What Rights Do Unborn Children Have?

ByABC News
June 22, 2001, 6:36 PM

June 25 -- Even during her pregnancy, Brenda Peppers, an addict, smoked crack. Her daughter was eventually stillborn, and Peppers who also suffered from a condition characterized by a breakdown of red blood cells spent weeks in a coma.

After that trauma in 1996, Peppers never went back to drugs, but two years later, prosecutors in her home state of South Carolina slapped her with charges of abusing her unborn child by taking the cocaine. Now, after a guilty plea and two years' probation, the 35-year-old is challenging the 1997 state Supreme Court ruling that allowed prosecutors to press charges against her.

Peppers became one of about 200 women in 30 states who have been prosecuted in recent years for "fetal abuse."

In most fetal abuse cases, women have been arrested and charged with various crimes including possession of a controlled substance, delivering drugs to a minor, corruption of a minor, and child abuse and neglect. Others have been charged with assault with a deadly weapon and manslaughter.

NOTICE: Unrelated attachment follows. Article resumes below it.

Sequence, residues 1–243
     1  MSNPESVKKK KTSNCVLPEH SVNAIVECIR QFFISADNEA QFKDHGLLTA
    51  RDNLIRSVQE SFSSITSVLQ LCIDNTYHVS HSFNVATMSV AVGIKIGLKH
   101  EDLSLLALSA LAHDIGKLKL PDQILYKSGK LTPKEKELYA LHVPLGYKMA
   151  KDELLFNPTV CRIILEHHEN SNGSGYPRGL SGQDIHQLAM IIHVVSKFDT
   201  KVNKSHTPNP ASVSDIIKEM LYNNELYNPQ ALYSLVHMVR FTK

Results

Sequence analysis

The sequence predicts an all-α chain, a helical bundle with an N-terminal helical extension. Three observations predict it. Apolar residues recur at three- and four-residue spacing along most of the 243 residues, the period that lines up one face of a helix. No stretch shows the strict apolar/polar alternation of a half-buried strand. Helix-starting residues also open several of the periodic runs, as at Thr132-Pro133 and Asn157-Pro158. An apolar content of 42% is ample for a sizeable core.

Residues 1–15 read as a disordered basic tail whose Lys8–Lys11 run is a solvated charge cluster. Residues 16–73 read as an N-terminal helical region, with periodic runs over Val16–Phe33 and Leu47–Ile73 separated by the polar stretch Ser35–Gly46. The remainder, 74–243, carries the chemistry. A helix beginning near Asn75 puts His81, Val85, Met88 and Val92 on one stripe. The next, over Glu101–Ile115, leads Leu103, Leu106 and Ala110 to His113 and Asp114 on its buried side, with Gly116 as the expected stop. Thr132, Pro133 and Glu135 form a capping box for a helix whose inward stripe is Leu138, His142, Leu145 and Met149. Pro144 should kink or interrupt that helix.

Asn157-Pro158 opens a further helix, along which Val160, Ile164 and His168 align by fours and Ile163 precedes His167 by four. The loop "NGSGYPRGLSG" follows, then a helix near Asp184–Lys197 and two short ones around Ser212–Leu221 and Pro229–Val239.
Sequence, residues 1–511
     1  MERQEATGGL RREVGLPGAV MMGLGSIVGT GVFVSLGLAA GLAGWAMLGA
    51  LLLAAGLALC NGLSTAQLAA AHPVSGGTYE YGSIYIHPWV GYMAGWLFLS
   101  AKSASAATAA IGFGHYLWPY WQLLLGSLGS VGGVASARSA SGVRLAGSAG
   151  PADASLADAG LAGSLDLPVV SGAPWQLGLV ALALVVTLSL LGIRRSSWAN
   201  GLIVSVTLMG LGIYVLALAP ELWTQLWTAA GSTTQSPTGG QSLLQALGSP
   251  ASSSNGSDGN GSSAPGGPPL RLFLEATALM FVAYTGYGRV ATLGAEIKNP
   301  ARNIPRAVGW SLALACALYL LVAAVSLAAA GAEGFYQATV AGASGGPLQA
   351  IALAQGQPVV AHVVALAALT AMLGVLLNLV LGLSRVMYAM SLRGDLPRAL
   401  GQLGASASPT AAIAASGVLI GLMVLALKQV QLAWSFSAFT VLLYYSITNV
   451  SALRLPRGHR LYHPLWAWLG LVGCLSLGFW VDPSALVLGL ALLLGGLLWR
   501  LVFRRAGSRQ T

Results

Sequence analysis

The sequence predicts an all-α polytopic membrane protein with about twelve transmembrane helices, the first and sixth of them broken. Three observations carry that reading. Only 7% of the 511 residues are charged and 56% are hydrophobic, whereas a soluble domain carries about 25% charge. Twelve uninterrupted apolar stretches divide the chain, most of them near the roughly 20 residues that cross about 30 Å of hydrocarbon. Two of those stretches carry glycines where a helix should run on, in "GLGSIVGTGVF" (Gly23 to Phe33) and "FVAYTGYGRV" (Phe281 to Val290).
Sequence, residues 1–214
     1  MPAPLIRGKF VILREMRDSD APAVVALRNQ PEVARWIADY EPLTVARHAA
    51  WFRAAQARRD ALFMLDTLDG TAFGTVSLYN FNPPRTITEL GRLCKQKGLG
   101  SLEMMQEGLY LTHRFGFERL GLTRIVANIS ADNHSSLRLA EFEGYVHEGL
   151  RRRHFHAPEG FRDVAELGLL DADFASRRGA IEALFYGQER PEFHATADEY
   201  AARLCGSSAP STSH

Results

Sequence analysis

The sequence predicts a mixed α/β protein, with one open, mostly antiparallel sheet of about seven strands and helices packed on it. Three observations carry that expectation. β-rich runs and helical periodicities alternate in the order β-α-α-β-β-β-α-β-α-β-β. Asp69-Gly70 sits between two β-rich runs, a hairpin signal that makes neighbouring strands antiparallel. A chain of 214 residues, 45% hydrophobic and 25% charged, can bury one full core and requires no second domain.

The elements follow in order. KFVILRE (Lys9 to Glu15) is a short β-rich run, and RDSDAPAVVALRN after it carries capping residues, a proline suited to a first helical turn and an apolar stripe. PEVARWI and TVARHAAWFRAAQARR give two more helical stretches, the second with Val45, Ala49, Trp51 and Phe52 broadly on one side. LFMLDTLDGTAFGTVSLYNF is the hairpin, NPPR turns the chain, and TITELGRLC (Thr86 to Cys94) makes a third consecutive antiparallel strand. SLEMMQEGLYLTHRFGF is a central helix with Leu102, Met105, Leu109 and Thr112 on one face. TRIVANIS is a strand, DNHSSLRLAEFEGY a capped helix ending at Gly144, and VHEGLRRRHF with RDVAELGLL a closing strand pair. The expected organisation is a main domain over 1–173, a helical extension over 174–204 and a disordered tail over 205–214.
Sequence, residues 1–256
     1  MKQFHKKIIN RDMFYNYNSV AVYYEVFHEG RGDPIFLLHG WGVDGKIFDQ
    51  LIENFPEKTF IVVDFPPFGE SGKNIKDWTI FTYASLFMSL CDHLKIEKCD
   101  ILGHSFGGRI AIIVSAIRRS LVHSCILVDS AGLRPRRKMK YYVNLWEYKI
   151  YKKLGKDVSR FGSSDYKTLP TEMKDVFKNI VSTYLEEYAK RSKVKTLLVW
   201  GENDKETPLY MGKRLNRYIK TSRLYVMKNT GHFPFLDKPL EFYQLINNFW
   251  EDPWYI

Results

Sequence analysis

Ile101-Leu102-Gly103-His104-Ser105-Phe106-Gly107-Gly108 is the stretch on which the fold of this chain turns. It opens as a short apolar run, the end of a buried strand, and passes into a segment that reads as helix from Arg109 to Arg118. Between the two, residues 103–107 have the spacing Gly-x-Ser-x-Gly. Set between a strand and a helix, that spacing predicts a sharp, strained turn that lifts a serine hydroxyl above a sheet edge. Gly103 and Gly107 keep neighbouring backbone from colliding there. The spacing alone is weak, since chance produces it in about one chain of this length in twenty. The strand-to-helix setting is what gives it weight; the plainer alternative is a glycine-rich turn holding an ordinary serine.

Fetal abuse cases don't necessarily involve drug abuse. Last fall, a pregnant Massachusetts woman was imprisoned for refusing to see a doctor on religious grounds.

First Homicide Conviction for Pregnant Drug User

Although fetal abuse cases crop up across the nation, no state Supreme Court but South Carolina's has upheld the conviction of a woman charged with child abuse for using cocaine during pregnancy.

Activists on either side of the abortion debate as well as pregnant women's advocates are closely watching the Peppers case, as it could mark a trend in how fetuses and their mothers are treated under the law.

In hearing the case last week, South Carolina's highest court reconsidered whether a viable fetus it is "viable" when it can live outside the womb should be considered a "child" under the state's child abuse laws when its mother takes drugs while pregnant.

The hearing came just weeks after 24-year-old Regina McKnight, also from South Carolina, became the first woman in the nation to be convicted of homicide for killing her unborn child through drug use. She was sentenced to 12 years in prison with no parole.